New life insurance concept: Heirs get installment payments over 5 to 30 years
BY TERRY SAVAGE firstname.lastname@example.org March 10, 2013 5:46PM
You can decide how beneficiaries receive the proceeds of your life insurance policy. | AP file
Updated: May 3, 2013 12:15PM
What will your beneficiaries do with the life insurance you leave to them? I’ll bet that’s a question you haven’t given much thought. The idea of life insurance is to protect those who depend on you. And most of the discussion focuses on leaving “enough” money to offset your absence, at least in financial terms.
But few pause to think about what their heirs will do with the cash that is paid out, tax-free, at your death. You probably intended to create long-term financial security, but your spouse may have no experience at managing money and might fall into the hands of an unscrupulous financial adviser. Or your adult children who are beneficiaries might decide it’s time for that new sports car or an exotic vacation.
The possibility that the payout from your hard-earned insurance premiums won’t be appropriately used by your beneficiaries should make you cringe.
Installment payout life insurance
That’s why a new concept has recently been developed by the life insurance industry: installment payout life insurance.
Instead of receiving a million dollars in one lump sum, you can plan for the money to be paid out over five to 30 years in amounts of your choice. For example, half of the million dollars in cash could be paid immediately, with the balance stretched out over the next five or 10 years. Or you could direct the insurance company to pay it out in equal installments over 10 years.
The added benefit of structuring your payouts is that the premiums are a lot lower — as much as 50 percent lower, depending on the payout plan you choose. That’s because the insurance company will get to keep — and use — your money over a longer period of time before it is all paid out.
Installment payout life insurance lets you do one of two things: Save money on your insurance policy or buy much more life insurance for the same amount of premium dollars that you would pay on a traditional life policy.
Save money on premiums
For example, a 40-year-old man in good health could purchase a $1 million, 30-year level term insurance policy for a premium of $1475 annually. That policy would pay out $1 million in a lump sum at his death. But if instead he chose to have the money paid out in equal installments over 20 years, the annual premium would drop to $1170 annually, a savings of $305 per year.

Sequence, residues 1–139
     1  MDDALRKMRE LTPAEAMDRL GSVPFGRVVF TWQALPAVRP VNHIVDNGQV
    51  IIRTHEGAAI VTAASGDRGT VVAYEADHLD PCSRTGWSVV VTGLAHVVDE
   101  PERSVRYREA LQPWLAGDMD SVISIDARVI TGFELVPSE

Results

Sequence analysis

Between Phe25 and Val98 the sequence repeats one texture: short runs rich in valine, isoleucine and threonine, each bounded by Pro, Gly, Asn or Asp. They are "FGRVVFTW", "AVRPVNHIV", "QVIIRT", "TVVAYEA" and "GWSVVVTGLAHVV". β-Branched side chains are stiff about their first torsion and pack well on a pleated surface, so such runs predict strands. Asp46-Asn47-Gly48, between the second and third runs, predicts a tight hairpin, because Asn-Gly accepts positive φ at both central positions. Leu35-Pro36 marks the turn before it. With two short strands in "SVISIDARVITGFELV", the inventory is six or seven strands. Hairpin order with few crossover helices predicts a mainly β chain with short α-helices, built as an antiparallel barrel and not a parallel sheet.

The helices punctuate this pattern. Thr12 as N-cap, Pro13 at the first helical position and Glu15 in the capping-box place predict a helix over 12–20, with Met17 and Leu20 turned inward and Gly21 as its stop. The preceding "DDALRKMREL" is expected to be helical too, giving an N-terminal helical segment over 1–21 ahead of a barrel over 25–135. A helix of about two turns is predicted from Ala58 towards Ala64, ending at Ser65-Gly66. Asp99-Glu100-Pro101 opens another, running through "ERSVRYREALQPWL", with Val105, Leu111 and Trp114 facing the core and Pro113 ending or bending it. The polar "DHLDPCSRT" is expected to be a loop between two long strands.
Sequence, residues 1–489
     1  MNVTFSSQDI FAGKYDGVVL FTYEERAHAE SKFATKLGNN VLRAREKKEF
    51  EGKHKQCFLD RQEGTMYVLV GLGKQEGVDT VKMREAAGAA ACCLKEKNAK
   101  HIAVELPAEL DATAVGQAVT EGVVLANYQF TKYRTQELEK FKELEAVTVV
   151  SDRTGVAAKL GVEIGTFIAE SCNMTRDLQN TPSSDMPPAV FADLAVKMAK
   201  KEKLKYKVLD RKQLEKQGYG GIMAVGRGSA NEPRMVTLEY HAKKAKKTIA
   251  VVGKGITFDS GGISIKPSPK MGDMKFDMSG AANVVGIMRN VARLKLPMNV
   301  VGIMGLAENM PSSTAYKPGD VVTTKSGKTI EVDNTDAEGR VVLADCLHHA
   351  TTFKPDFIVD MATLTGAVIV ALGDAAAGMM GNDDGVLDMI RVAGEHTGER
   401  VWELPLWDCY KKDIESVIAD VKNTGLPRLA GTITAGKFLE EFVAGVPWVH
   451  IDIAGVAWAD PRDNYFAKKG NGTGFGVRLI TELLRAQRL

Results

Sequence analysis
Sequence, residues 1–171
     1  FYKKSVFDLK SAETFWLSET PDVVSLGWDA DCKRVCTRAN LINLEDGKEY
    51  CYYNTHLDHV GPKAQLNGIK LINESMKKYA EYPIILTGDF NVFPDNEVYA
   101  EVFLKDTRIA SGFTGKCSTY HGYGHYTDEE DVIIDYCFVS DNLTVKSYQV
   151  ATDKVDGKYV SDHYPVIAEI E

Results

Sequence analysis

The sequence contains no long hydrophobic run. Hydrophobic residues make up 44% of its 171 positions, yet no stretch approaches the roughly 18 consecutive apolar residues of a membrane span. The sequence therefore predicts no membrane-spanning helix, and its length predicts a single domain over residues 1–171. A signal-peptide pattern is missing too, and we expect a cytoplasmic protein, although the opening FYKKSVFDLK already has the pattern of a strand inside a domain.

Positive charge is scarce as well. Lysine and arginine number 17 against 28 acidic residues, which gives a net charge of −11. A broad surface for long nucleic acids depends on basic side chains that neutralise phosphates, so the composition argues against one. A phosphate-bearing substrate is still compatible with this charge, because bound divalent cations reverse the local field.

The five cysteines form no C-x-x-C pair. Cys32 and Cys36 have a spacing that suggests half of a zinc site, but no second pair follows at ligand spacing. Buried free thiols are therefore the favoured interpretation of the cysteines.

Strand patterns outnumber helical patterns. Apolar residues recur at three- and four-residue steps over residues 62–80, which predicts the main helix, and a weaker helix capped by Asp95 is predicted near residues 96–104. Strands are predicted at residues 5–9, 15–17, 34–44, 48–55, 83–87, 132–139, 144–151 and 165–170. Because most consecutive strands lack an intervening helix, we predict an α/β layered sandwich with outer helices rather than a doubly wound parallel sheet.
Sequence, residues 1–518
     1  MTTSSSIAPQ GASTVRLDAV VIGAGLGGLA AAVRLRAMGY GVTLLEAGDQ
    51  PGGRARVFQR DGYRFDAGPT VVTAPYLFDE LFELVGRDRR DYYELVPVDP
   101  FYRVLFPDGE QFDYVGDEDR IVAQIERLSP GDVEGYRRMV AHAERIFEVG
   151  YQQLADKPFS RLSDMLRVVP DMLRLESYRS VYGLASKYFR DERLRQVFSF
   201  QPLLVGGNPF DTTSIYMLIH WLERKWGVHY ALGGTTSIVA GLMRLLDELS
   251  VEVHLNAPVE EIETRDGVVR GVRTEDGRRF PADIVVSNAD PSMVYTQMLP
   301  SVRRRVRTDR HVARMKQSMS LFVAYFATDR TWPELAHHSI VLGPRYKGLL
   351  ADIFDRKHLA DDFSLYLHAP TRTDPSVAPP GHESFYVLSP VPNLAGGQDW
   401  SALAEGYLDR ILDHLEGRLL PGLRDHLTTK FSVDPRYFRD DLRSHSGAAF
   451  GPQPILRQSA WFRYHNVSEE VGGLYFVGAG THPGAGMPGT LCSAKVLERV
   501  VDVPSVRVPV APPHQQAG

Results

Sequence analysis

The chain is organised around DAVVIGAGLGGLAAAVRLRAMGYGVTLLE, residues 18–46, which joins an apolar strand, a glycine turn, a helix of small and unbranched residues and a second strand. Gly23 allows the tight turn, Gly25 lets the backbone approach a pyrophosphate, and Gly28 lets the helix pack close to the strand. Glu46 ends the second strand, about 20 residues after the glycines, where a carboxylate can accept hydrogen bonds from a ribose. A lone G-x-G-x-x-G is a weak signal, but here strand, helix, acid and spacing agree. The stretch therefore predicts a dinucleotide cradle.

Or if he was prepared to pay the original higher premium every year, he could actually purchase more life insurance — a total of $1.325 million in benefits, for the same money he is paying on his traditional term insurance. Plus, if he has young children, he has the assurance that the money will be paid out over the years, including the higher-cost college years when his heirs will need the cash.
This installment payout program not only works with term insurance, but with more traditional cash-value insurance as well.
Take a 55-year old-man who is considering the purchase of a $1 million guaranteed universal life policy. That means he will pay an annual premium of $11,771 every year — and the insurance is guaranteed to stay in force until his death.
If instead, he chose to take a 20-year installment payout for his heirs, who would receive $52,500 annually for 20 years, his annual premium payment would drop to $9362 — a savings of nearly $2,500 a year. And, he would know that his spouse or other surviving heirs would have an income that would not be misspent or poorly invested, as might happen with a lump-sum payout.
Or he could buy even more life insurance for his current premium — an additional $320,000 in benefits, a nearly one-third increase in his life insurance for the same dollars he is paying — just for creating the installment payout.
I’ve used a man in these examples, but the same structure works equally well for women. And because of their greater longevity, the premiums are typically even lower for women.
When it works, when it doesn’t
Of course, you’ve figured out one of the drawbacks: Delaying payouts exposes the payout your beneficiaries will receive to the ravages of inflation, while letting the insurance company invest your money for a longer period. And that is why the premiums are lower with this type of delayed payout. To hedge against the reality of this inflation risk, you may want to consider purchasing a slightly increased amount of installment payouts.
(A small portion of this investment income may be included in the payout to beneficiaries, creating a bit of taxable income to each installment payout.)
This type of installment payout planning works especially well for families with a special needs child, who will need a planned stream of income. The policy can be purchased in a trust so it doesn’t affect eligibility for other benefits.
Installment payouts could be used for money that is to be left to a charity, which would receive an installment payout contribution in your name every year — keeping your memory alive. And, there may be applications of a creative installment payout to protect your mortgage at a lower insurance cost.
Of course, stretching payments over the lifetime of the beneficiary and children of the beneficiary helps with estate planning. So this insurance should be purchased after discussion with your attorney.
These new policies are being offered by some of the largest life insurers.
Ted Bernstein, CEO of Life Insurance Concepts, Inc., Lifeinsuranceconcepts.com, who brought this new product to my attention, calls it “the most important development in the life insurance industry since Universal Life.”
Bernstein says: “This new installment payout puts the power of choice where it belongs — in the hands of the insured.”
It’s definitely worth considering. And that’s surely The Savage Truth.